Naomi silently acknowledged that her case needed bolstering; she hadn't needed Jacob's lawyer to tell her that. But she had certainly never imagined that a squalling infant would be the solution. She'd gone along with Damian's unannounced plan—what else could she do when Jacob had shown up before she'd had time to think things through?—but she wasn't happy about it.

She wasn't happy about much of anything these days. Naomi missed Rome, and she missed her elderly husband. Lucius was attentive and devoted, even though, as a prominent senator, the demands on his time were enormous.

“And it worked,” Damian continued. “Or it will. They'll do anything to get that baby back, you wait and see. Then you can have your little shipping business to run.”

“And you can go back to Rome, or wherever the emperor sends you.” That thought certainly appealed to her. Naomi could not abide the rude, conceited—not to mention cruel—soldier who had become her stepson. Before he arrived in Ephesus ten days ago, she had only met Damian once, and that was the day he'd forced her family to make the mandatory sacrifice to Caesar.

He was here now because Lucius had been unable to make the trip with her and had thought Damian would be helpful in pursuing her case. He might be useful, she admitted, but he was certainly distasteful, and she would be relieved when he was out of her life again.

“Perhaps I will leave then,” he said, “although I have no assignment. The new emperor is not much enamored with my unique abilities.” Damian's narrow eyes beaded in an amused yet ominous glare. “Or perhaps I'll stick around and make sure my son gets his share of your new business. I'll have to manage it for him, of course, until—”

“What?” Naomi could not have heard right. Surely that was not what he'd said. “Rebecca's baby is your son?”

“That's right. The boy is mine.” Damian smiled, but it was not the expression of a proud father that creased his face. It was the oily smile of a greed-obsessed man whose behavior knew no boundaries.

Naomi did not shock easily, and she certainly had no scruples about manipulating a situation to her advantage. But somehow this kidnapping had crossed the line. Damian was not just deceitful, he had a decidedly barbaric streak—and he was the baby's father? Impossible.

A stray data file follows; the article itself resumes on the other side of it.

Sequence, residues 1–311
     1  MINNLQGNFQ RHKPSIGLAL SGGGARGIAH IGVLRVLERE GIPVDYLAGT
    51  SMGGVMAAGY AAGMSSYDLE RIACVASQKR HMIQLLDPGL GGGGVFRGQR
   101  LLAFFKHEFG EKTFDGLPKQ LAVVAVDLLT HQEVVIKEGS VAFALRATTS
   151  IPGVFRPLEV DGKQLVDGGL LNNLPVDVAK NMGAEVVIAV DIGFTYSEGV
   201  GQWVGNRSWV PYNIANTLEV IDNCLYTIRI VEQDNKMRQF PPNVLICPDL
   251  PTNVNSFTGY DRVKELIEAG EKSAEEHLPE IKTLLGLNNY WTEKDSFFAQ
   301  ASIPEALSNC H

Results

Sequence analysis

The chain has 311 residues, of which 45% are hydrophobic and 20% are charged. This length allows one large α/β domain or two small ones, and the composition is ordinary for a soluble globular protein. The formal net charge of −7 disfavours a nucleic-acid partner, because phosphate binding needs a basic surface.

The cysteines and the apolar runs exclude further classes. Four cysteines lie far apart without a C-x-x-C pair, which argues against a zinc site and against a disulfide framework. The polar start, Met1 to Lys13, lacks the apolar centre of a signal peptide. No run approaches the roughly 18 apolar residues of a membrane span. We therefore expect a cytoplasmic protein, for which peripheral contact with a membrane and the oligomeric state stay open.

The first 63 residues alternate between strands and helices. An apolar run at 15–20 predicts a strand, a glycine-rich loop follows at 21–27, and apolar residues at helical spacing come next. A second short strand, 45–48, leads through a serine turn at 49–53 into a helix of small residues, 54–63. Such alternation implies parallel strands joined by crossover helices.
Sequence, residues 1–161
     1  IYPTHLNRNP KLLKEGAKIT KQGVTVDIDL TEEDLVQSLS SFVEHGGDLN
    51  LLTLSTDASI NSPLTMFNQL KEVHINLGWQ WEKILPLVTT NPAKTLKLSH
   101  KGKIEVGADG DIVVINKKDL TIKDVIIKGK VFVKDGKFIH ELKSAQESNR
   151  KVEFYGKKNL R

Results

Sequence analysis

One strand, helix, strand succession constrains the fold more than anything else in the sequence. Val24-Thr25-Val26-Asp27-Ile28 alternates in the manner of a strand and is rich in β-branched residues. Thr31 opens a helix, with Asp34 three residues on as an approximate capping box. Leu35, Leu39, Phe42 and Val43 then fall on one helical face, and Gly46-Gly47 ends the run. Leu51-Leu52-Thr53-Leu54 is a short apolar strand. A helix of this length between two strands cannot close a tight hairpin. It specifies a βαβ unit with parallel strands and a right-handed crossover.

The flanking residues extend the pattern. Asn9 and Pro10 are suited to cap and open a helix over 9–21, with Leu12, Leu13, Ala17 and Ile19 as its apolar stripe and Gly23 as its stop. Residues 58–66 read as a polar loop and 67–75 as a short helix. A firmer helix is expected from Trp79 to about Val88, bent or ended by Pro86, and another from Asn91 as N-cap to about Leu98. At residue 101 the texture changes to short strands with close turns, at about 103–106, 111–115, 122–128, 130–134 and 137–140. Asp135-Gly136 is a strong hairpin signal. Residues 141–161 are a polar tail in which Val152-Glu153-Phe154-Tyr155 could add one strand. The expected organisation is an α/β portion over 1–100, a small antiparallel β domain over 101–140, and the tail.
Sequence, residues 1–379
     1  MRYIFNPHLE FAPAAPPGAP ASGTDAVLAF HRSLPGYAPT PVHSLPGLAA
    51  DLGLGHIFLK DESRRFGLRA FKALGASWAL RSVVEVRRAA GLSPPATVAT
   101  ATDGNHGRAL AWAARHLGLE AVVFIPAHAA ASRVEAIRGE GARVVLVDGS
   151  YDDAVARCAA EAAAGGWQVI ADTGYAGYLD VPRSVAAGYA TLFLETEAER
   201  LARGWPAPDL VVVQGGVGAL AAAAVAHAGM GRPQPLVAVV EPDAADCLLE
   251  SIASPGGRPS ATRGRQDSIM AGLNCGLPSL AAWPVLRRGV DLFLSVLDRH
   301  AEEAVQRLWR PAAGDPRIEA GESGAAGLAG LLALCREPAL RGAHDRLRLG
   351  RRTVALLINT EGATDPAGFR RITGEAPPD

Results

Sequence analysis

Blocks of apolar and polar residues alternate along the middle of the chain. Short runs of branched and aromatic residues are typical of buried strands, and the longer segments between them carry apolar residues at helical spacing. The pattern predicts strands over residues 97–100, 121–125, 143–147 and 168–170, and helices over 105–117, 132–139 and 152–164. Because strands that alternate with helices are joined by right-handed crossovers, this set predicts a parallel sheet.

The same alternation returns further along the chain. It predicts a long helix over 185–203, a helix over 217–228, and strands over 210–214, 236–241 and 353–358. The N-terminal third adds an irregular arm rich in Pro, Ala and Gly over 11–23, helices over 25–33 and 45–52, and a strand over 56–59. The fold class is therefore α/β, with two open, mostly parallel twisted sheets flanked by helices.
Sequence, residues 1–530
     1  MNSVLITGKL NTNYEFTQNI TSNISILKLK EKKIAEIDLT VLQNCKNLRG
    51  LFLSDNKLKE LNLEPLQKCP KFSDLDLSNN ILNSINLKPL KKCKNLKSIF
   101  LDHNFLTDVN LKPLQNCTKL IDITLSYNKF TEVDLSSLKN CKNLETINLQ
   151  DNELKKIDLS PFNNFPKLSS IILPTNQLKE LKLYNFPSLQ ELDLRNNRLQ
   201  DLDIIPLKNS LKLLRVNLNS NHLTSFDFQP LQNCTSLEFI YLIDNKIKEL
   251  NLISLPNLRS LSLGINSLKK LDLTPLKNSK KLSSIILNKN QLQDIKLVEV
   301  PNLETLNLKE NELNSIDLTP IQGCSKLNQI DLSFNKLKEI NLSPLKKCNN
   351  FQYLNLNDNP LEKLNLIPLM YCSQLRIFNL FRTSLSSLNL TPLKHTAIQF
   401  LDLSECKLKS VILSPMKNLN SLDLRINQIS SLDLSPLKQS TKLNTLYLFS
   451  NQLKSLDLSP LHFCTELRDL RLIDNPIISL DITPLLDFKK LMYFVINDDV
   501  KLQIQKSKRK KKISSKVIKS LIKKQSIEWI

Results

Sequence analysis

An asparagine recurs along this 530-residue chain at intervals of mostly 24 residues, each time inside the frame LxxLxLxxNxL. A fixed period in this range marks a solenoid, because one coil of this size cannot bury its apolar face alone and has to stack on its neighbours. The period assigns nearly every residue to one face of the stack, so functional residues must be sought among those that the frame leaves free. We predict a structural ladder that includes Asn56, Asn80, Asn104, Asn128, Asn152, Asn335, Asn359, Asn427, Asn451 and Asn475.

With a shudder, Naomi thought of her sister. Rebecca would never have let him touch her willingly—not simply because he was repulsive, which he was. But he was the man Rebecca would hold responsible for her mother's death and her own suffering. Which meant, Naomi realized, that Damian had forced himself on Rebecca. And as much as Naomi disliked her family, as much as she wanted to wrench part of her father's fortune from them, that thought turned her stomach.

Naomi stood and approached Damian. He was barely taller than she was, and she pinned him now with an angry stare. “You neglected to tell me that important little detail.”

“We didn't have time to get around to discussing fatherhood this afternoon,” Damian said. “You had me too busy hunting down a wet nurse for the lad. I suppose we do need to keep him fed until we get what we want.”

“I know what
I
want. I want that child, and you, out of my house.”

Damian did not back down from her threatening stance. “Naomi, where are your maternal instincts?” he asked with pretended dismay. “Victor is not just your nephew; he's your grandson.”

That thought sent him into peals of laughter. “You don't like the thought of being a grandmother, do you? You think you're much too young and beautiful.”

“I don't like the thought of you being under my roof.” She could dwell on the ironic fact that she was a grandmother at the age of twenty-five later. All she could think about now was getting rid of Damian. She should never have agreed to let Lucius send him to her.

“Besides, even if I go along with your scheme,” she told him, “we can't keep the baby here. Jacob and his friends will continue looking for him, and you can be sure they'll come back. I was petrified the entire time they were here that the baby would cry and give us away. Then there would have been some kind of fight, and no telling what would have happened.”

“I wouldn't have minded that. I owe your brother for a nasty knot on my head. He almost killed me once.”

“You would have minded if they had managed to get Victor back. Or if he'd gotten hurt or killed in the process. Then your extortion scheme would have been over immediately.”

They argued hotly for a while, then much to her relief, Damian finally agreed to leave. “I know somewhere I can take the child,” he said. “Some place away from Ephesus, where Jacob and the others will never find him.”

BOOK: Avenger of Blood